Boswell: History comes to life, juiciously, in this clever bio-game



★★★☆☆ A rare chance to hang out with London’s witty literary crowd, circa 1770.

Josh Krause and Brian Mani at Boswell. Credit: Carol Rosegg

A cool wind has blown from the Midwest, through the 2019 Edinburgh Festival. In her latest work, playwright Marie Kohler, co-founder of Milwaukee’s Renaissance Theatreworks, keeps interesting company; so much so that it would be rude to blame him for rigging the timeline of the story.

In the framing device she uses, we follow a fictional researcher, Joan (Phoebe González), as she travels from Chicago to Scotland in the 1950s to uncover newly discovered manuscripts and journals believed to have been written by James Boswell at the end of the 18e century. Suddenly, we’re pushed back in time with Boswell (Josh Krause), as he frequents the taverns and saloons of London in pursuit of his intellectual crush, lexicographer and city geek Samuel Johnson (Brian Mani).

Set designer Jody Sekas set the scene with a versatile set packed with Johnson-era effects: maps, books, and more. highlands to an attic littered with manuscripts, with various detours along the way. Kohler’s script flows with equal sleight of hand. With such witty characters, sparkling dialogue is almost guaranteed, and Kohler deftly pulls together his direct quotes.

Four of the six cast members switch characters in the blink of an eye (think 39 steps). Aside from Krause (captivating in the title role: he conveys just the right amount of puppy devotion) and González, sadly struggling with a rather dull and time-displaced character (the diaries have mostly been unearthed in the 1920s and 2000s). 30s), everyone shines in their round of roles.

Mani is as masterful as Johnson: he exudes the intelligence that would have earned the scholar all the reverence due to his time. He also comes across as Boswell’s cold and demanding father – a nice Freudian touch.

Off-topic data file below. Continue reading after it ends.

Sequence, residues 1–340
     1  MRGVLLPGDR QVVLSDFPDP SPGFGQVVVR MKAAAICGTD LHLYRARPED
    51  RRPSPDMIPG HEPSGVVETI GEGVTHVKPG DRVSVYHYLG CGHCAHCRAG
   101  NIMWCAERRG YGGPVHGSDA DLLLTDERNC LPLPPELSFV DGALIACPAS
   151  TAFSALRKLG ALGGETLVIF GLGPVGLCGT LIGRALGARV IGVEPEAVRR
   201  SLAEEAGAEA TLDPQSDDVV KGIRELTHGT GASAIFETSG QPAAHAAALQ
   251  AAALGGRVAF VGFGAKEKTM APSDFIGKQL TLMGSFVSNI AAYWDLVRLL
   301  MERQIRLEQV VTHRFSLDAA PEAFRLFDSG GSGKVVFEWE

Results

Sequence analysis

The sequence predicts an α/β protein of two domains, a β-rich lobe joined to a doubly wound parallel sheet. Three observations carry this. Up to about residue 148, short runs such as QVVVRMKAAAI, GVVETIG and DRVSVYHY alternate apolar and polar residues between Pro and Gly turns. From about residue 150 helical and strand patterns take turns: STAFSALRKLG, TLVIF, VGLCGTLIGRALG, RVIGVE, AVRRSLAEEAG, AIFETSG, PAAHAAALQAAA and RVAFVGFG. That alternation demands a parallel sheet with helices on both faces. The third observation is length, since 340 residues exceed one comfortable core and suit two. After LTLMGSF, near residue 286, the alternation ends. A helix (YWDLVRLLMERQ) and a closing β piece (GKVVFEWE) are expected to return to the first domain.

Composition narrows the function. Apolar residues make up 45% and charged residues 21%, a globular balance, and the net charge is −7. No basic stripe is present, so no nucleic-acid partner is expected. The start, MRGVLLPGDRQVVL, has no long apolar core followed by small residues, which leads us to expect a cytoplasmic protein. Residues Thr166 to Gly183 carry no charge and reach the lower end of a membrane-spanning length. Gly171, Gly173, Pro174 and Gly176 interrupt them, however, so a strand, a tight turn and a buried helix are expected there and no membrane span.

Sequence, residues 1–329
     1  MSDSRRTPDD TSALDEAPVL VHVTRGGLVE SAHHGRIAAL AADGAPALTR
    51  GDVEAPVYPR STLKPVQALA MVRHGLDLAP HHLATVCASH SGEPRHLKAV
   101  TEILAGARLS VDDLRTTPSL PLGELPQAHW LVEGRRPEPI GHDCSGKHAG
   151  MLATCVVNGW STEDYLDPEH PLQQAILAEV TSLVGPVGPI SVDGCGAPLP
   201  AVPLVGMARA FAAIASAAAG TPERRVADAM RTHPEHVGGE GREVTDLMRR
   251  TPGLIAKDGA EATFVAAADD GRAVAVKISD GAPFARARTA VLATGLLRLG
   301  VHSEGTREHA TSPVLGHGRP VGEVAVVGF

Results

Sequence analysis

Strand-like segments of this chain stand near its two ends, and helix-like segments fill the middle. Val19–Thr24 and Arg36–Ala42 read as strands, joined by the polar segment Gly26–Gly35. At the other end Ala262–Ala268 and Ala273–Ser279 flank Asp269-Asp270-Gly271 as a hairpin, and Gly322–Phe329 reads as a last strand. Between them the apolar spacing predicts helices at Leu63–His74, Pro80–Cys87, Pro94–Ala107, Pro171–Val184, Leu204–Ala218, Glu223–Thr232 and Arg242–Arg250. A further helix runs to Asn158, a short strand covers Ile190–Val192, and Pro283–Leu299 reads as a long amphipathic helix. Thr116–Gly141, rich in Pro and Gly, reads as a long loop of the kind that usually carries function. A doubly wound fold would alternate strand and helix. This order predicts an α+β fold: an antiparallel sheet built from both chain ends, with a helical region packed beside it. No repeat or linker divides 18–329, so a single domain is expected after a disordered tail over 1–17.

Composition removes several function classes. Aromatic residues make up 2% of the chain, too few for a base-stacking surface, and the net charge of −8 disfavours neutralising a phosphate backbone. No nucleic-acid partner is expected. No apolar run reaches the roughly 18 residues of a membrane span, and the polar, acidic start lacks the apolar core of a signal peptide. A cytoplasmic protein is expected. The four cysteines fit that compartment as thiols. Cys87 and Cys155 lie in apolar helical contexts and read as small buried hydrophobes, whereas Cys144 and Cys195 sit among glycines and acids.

Rebecca Hurd is attractive in her many guises, including portrait painter Joshua Reynolds, the holy Mrs. Boswell (who manages to ignore her husband’s peccadilloes), and a gambling bartender. To Johnson’s dismay, Boswell always has her eyes peeled. a little to the side. It seems the compulsive columnist was also pretty addicted to sex and uniquely suited for the chase: “We came to a sweet conclusion five times!” he boasts of a lover (Hurd again), who graciously agrees, “You are a prodigy.”

Miriam A. Laube covers actor David Garrick (mocked for squeezing a hidden pig’s bladder to make Hamlet’s hair stand on end in the Ghost scene) and Lady Fiona, the earth-smart, earth-smart aristo who dominates a deteriorated presbytery filled with possible literary treasures. Fiona is down to earth and practical, while Joan is a bit of a jerk. We never get to browse the vaunted porn stowed “in the croquet box,” but there are plenty of juicy bits floating around.

The two women, with their contrasting styles, deserve a play of their own, and almost get one: their differences become apparent as the play ends. How interesting it would have been to set these two back a few decades, when the place of a woman, before the Second World War, was even more restricted.

Still, the production, as it stands, offers many unexpected pleasures, not the least of which is the opportunity to see talented actors working their stage magic (without pig’s bladders) up close – really up close. The piece also serves as a welcome reminder of an era that, aside from its many barbarisms, at least revered its forward-thinking intelligentsia.

Boswell opened November 16, 2022 at 59E59 and will run until December 4. Tickets and information:


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